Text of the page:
When Jacob and I visited his family in Washington for a week recently, they took me to Goodwill. Goodwill trips are always a blast for me; a single trip to Goodwill is a journey, a hunt for hidden treasure. Sometimes, I am fortunate enough to find the treasure, sometimes, I leave without the treasure, but with knowledge that I tried my hardest. On this particular Goodwill trip, God helped me to find the treasure: a lovely, mint-condition hardcover copy of Meditations Before Mass, by Msgr. Romano Guardini, a great Catholic thinker and inspiration to Pope Emeritus Benedict XVI.
I am reading sections of this book to grow in my love of God and reverence for the Sacred Liturgy. Seriously, going to Mass can make all of us saints easily, if we cooperate with God and fully participate prayerfully. Understandably, with young children, distractions, and busy lives, it can be extremely difficult to prayerfully focus at Mass. Still, all of the distractions in the world should not keep us--or them--from holiness. We must all continue to strive and seek deeper holiness with all that we have! (Msgr. Guardini's book came out of several talks that he would give to his congregation before Mass each week, to help deepen their devotion, which I find AWESOME!)
Here are sections from the first chapter of the book:
"Stillness is the tranquility of the inner life, the quiet at the depths of its hidden stream. It is a collected, total presence, a being all there, receptive, alert, ready.
Attentiveness--that is the clue to the stillness in question, the stillness before God.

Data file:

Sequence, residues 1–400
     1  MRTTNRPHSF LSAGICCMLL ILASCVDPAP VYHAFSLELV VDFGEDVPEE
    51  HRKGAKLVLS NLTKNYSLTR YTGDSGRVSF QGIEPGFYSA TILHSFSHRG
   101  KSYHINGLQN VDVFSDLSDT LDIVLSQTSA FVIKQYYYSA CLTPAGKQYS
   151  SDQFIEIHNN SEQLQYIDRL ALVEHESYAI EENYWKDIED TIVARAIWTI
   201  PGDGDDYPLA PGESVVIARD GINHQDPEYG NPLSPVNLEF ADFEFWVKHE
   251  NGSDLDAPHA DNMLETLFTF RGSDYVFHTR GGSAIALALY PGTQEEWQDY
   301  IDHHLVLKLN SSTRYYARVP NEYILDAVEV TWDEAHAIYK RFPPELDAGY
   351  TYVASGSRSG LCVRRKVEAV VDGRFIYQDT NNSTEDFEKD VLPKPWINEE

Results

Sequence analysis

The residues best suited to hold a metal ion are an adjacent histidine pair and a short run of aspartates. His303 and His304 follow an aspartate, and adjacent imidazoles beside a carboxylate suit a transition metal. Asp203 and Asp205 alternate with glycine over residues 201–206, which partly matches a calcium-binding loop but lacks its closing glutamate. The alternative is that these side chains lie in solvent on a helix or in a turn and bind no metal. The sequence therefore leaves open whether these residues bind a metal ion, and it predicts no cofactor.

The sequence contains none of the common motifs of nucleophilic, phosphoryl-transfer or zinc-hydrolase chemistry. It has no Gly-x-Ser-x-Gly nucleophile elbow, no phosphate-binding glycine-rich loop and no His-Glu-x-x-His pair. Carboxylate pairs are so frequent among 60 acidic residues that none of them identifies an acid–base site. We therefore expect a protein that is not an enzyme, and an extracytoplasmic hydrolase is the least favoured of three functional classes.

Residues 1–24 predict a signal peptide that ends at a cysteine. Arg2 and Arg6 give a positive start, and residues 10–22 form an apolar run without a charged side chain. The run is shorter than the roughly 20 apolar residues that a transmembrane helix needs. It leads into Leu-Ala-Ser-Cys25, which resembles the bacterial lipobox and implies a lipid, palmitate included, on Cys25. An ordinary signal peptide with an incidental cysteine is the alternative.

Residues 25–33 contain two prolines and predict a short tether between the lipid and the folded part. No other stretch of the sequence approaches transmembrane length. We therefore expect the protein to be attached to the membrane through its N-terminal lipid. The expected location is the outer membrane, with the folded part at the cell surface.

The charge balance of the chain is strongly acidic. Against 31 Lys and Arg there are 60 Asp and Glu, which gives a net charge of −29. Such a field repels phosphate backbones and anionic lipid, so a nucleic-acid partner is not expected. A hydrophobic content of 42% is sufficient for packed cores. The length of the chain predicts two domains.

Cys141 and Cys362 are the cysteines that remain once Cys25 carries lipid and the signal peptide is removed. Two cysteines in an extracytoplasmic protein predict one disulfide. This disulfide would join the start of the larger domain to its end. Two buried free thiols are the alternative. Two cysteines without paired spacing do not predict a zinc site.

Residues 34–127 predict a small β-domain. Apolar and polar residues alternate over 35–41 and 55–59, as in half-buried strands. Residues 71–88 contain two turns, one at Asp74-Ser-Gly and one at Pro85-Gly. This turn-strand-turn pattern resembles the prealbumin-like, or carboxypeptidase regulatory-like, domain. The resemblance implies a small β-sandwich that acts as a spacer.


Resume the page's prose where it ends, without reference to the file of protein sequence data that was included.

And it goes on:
What then is a church?...When we say that Holy Mass is celebrated "in church," we are including something more: the congregation...true congregation comes into being which, along with the building that is its architectural expression, forms the vital church in which the sacred act is accomplished. All this takes place only in stillness, out of stillness grows the real sanctuary...
If someone were to ask me what the liturgical life begins with, I should answer: with learning stillness."
~Msgr. Romano Guardini, "Meditations before Mass" Chapter 1.
Guardini provides some practical tips in achieving profound stillness, especially during the Mass:
1. Arrive to Mass early in order to genuinely prepare yourself for the Sacrifice.
""They [these minutes] are not a time for gazing or day-dreaming or for unnecessary thumbing of pages, but for inwardly collecting and calming ourselves." (so maybe put down that bulletin--I know it's a preferred pre-Mass activity, which I admittedly have done before, but really...we need to put it down)
2. Go even further, and prepare for Mass on the way to Church!
"It would be still better to begin on our way to church. After all, we are going to a sacred celebration. Why not let the way there be an exercise in composure, an overture for what is to come?
3. Prepare for Sunday Mass the day before!
"Liturgically, Saturday evening already belongs to the Sunday. If--for instance, after suitable reading--we were to collect ourselves for a brief period of composure, its effects the next day would be evident."
In our busy, noisy culture, we must shut our mouths and let God speak!
“Be still and know that I am God!" (Ps 46:11)